In the fashion community, businesses (read: designers, editors, magazines etc) redefine the norms of things like beauty and health almost constantly. They promote popular body shape, skin color, hair styles and ultimately advertise apparel, beauty products and jewellery to increase sales and promote brand recognition.
On a daily basis, we see beautiful designs displayed on the achingly thin bodies of pre-pubescent teens- a common sight in fashion advertising and editorials. Since the rise of heroin-chic bodies like that of Kate Moss (circa 1990′s) there has been backlash towards fashion houses that manipulate inspiration into thinspiration. Even then, the frequent call of media and advertising to change our outer selves in order to be happier, healthier and more beautiful have taken the dominant role for more than two decades. We have all at some point, fallen into the thinking that if we lose a few inches, trim away our thighs and tone an already flat belly our daily lives will be improved to something chic and fashion-forward.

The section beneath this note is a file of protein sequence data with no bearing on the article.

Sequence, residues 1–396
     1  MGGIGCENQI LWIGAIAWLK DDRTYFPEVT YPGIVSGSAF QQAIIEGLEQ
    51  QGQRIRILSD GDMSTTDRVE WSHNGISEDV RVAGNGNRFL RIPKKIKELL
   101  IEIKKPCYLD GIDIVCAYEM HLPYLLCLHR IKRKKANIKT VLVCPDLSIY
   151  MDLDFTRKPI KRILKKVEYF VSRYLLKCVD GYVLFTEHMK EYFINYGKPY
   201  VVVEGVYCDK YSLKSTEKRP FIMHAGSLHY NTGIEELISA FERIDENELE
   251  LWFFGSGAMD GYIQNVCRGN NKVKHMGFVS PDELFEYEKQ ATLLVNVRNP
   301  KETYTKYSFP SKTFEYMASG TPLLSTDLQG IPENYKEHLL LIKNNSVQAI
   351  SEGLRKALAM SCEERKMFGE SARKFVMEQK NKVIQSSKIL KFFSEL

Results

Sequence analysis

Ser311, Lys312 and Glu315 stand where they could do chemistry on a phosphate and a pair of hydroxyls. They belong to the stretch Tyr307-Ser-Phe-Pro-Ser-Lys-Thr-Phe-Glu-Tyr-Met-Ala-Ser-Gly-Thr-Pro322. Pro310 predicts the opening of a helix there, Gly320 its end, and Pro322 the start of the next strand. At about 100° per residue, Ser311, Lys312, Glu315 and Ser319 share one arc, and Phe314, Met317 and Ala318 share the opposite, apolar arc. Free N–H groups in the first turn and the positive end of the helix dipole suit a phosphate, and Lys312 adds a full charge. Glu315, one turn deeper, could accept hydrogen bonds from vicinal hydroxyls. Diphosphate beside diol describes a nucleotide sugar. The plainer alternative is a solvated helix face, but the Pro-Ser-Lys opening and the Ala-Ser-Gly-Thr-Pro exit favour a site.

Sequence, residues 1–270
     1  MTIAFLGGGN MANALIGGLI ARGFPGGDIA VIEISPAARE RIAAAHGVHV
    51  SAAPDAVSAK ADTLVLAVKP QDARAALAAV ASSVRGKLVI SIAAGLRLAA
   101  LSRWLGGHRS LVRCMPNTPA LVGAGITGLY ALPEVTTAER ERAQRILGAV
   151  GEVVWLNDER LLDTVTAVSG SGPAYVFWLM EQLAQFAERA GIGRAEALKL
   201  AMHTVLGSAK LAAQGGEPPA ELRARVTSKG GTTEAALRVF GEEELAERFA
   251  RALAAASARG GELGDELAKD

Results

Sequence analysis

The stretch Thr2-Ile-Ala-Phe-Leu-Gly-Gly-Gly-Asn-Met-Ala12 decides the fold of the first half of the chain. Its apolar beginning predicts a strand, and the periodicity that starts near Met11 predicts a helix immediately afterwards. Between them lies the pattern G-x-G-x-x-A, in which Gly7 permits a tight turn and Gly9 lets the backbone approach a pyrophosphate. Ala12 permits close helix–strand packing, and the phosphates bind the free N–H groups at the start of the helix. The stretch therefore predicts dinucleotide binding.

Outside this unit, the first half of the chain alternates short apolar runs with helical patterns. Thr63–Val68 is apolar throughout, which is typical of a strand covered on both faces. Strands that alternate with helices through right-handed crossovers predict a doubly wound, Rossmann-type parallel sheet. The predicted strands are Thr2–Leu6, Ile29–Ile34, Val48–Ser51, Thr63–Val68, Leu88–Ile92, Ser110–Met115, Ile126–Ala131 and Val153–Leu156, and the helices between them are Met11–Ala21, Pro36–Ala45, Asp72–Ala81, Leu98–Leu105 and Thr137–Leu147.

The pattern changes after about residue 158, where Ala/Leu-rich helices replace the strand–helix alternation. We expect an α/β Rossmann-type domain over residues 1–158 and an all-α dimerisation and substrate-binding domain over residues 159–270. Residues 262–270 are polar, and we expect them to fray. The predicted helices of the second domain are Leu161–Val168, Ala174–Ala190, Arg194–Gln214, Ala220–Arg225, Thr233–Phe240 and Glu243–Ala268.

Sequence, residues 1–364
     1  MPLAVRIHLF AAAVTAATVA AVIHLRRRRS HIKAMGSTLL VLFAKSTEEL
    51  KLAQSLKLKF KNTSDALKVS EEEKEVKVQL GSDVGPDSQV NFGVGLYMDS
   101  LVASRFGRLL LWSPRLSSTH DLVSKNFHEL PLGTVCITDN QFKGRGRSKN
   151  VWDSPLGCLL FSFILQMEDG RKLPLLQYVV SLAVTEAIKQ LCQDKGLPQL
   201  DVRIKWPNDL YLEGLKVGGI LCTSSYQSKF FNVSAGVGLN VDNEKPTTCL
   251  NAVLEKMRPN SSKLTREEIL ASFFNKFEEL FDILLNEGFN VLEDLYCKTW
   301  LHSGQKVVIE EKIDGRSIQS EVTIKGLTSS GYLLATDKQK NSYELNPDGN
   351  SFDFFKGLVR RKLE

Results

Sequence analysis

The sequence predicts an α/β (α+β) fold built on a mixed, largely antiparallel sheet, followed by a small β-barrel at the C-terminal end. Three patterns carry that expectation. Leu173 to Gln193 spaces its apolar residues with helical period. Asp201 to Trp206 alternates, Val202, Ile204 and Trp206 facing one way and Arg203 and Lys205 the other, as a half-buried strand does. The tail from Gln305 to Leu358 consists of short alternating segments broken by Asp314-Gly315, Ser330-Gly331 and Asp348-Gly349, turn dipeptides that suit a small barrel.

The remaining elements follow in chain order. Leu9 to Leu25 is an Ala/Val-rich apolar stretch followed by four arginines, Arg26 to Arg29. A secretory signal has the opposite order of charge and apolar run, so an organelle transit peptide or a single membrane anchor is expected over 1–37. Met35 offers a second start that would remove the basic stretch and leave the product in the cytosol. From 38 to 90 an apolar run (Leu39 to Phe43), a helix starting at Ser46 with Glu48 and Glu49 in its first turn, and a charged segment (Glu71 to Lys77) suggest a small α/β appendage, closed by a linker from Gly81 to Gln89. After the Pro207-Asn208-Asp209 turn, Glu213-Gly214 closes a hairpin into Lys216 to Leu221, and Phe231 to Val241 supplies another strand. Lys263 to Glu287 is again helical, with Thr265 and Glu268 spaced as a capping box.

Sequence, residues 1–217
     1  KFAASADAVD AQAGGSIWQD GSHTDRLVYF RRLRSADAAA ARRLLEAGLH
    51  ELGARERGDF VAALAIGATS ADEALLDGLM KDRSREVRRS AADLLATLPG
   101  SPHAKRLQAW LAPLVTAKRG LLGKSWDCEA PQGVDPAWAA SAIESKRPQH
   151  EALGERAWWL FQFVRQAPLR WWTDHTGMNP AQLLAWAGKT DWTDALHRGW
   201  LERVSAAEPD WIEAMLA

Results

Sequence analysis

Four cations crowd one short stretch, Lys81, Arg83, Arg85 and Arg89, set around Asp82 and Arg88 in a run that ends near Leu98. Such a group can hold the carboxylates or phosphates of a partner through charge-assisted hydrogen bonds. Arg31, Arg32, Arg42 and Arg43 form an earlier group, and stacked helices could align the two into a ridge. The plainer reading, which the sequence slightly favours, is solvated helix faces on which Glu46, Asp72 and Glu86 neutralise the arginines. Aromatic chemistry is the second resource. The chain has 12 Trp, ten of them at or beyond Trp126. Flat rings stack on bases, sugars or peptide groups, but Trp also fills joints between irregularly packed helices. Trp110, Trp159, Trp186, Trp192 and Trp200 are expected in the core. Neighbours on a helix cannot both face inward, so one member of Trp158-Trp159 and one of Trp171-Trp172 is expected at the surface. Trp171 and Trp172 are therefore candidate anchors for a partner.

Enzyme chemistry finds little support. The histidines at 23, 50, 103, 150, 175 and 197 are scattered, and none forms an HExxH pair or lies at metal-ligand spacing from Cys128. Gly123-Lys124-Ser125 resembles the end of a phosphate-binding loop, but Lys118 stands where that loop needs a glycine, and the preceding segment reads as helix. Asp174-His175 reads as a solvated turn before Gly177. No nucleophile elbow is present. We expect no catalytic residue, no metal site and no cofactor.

For model Kate Upton, a Marilyn-esque beauty with a full-figure it is something more than a triumph to grace the pages of Vogue. It reflects the innate human function to evolve as compassionate beings- images like those below impact the fashion community and those around us by promoting and exemplifying a healthy body image. A round of applause to those in the fashion world who have recognized the changing tides of fashion, and now reflect many shapes and sizes.
I hope I speak for all when I say naturally thin models are welcome amongst the pages of my favorite fashion magazines as long as they are presented alongside models of varied sizes, ethnicities and ages. As I always say, my most beautiful friends are not ranked by their thinness, but appreciated for their character, beneficent actions and inner beauty; and it will be an historic moment when my fashion community reflect that.Google+